July 2013 Brief: Volume 20, Number 21
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Our Children Need YOU!
by Deborah D. Thornton
Though it’s an “off” year for elections, good government never has a down time. One of the most important tasks of local government service is that of being a school board member.
There are 345 public school districts in Iowa, with five to seven members on each board, from either specific or at-large districts. These boards control the education of almost 500,000 of our children and direct the spending of over $5 billion of our tax money. Repeat, “control the education of almost 500,000 children” and “over $5 billion of our tax money.” Those two statements alone reflect the importance of stepping up to run for this office.
The four-year terms are staggered, so not all members are elected at one time. For some districts, the meetings and responsibilities are pretty low-key. For others, such as the Iowa City Community School District, the meetings are contentious and often long.
However, either way, our children need and deserve our efforts.
The stagnation of our children’s educational achievements is well documented. The Legislature spent much time this session discussing ways this can be addressed. Unfortunately, there are at least two diametrically opposite views on the issue.
And no matter what the State Board of Education does, or what the Legislature tells the Department of Education to do, it seems that the individual districts spend most of their time trying to avoid compliance. Issues concerning the Common Core and the new teacher reforms will be decided and implemented over the next four years. In the meantime, many previously required programs are not yet being done. For example, some school districts are refusing to re-assign children from failing schools to the school of their choice as required by No Child Left Behind, based on space issues. This is a clear violation of the law’s requirements.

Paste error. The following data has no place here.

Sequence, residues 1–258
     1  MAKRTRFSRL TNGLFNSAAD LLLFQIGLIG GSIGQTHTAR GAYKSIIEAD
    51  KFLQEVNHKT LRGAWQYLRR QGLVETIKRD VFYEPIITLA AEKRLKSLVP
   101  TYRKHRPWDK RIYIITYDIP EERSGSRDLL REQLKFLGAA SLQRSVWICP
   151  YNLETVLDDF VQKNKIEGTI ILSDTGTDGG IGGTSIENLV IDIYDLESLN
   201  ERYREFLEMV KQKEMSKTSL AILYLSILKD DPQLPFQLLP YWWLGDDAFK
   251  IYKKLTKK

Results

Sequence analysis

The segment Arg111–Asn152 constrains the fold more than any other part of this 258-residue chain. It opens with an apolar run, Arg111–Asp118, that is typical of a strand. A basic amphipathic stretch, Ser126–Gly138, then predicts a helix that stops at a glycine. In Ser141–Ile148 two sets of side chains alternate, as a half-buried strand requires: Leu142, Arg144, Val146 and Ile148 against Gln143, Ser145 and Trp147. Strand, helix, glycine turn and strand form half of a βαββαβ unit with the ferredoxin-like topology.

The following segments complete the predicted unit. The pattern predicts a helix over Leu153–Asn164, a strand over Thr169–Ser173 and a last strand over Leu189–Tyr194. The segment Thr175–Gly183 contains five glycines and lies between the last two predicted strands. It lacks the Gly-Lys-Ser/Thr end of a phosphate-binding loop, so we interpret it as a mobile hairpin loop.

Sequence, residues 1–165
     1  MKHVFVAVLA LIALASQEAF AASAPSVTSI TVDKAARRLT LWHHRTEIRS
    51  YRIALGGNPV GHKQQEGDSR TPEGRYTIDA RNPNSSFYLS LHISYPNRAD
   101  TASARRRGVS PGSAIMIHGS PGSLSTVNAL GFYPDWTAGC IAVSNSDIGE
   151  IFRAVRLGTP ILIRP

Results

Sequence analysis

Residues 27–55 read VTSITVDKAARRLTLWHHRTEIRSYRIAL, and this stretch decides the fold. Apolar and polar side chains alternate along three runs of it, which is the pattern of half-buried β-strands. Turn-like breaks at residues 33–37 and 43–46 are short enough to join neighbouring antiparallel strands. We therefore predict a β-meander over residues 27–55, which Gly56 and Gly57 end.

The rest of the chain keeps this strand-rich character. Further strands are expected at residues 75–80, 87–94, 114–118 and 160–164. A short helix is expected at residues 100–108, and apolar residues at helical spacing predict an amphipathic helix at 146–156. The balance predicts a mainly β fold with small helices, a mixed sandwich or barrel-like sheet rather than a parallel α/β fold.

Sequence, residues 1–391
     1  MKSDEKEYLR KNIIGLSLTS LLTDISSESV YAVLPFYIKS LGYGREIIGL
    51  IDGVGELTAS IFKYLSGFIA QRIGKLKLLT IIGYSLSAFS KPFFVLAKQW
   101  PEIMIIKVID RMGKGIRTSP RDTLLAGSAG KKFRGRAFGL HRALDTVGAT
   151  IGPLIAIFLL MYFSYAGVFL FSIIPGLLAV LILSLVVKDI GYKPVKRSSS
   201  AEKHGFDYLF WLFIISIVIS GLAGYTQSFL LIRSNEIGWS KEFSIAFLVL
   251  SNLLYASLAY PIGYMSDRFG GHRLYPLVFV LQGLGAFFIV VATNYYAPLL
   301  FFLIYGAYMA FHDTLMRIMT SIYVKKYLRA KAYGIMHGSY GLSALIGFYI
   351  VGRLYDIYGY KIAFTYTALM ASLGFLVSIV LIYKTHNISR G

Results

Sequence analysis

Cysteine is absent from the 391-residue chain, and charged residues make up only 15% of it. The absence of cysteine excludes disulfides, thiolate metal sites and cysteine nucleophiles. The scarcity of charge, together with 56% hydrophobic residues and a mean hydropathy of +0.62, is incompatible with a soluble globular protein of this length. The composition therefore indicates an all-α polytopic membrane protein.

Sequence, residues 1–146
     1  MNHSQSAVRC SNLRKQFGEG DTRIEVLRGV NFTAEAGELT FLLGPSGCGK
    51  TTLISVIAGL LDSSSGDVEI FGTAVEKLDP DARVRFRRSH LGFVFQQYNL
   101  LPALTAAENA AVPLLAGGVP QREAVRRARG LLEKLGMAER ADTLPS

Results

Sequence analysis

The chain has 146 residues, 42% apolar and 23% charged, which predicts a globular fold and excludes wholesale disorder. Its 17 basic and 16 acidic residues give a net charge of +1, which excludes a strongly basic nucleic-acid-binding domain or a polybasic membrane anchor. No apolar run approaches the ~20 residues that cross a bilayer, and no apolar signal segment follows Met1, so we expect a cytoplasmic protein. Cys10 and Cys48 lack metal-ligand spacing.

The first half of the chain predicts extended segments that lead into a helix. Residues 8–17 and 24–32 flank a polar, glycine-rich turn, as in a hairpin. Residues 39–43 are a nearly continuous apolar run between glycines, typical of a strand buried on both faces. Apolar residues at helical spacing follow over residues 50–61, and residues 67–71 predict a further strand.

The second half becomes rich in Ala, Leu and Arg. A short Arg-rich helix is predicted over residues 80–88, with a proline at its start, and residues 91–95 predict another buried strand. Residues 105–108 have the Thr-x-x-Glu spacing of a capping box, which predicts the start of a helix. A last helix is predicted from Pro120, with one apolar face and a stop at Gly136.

According to the state association of school boards, members are “charged with accountability for student learning, determining educational goals, setting policy, [and] overseeing school finances.” Many of the Iowa public school districts are shrinking, resulting in both physical plant and educational challenges which must be addressed.
Importantly, school board members – especially conservative members – have a responsibility to address many critical social issues. If we don’t run and serve, then we can’t complain when districts and schools follow the direction of those who do. If we don’t like the contracts with the teachers’ union, we must step up to influence what is negotiated.
In order to run you must be a citizen, be over 18, and live in the district. The petition to run for School Board must be filed between July 8 and August 1, with the elections to be held September 10. You need signatures from at least 1 percent of the qualified electors or 50 electors, whichever is less, but at least ten signatures. Most of us have that many relatives, who will hopefully both sign the petition and vote for us.
Board members for the community colleges are also elected on September 10 – this duty is also important as community colleges are often the first step in earning a four-year college degree. Additionally the practical and technical education received in these colleges is critical to successful workforce development.
The campaign takes neither the time nor money of a Presidential, Senatorial, Gubernatorial, or even State Legislative seat. There will probably be a couple of “debates” with opponents. And you should get a list of likely voters and go door to door in the August heat. Just take plenty of water. Buy some yard signs, and do a mailing. That’s pretty much it.
Your four-year term may feel like 40 and you’ll receive no pay, but the “thank you’s” from like-minded citizens for your service at a critical time in our state’s and our country’s direction will be pay enough.
As taxpayers, parents, and grandparents of children in the Iowa public schools, it is incumbent upon us to step up, run for office, and take on the job of ensuring the superintendents, principals, and teachers actually educate. Our children are our most valuable resource and we are shortchanging them if we don’t participate.
Deborah D. Thornton is a Research Analyst with Public Interest Institute, Mount Pleasant, Iowa. Contact her at Public.Interest.Institute@LimitedGovernment.org.
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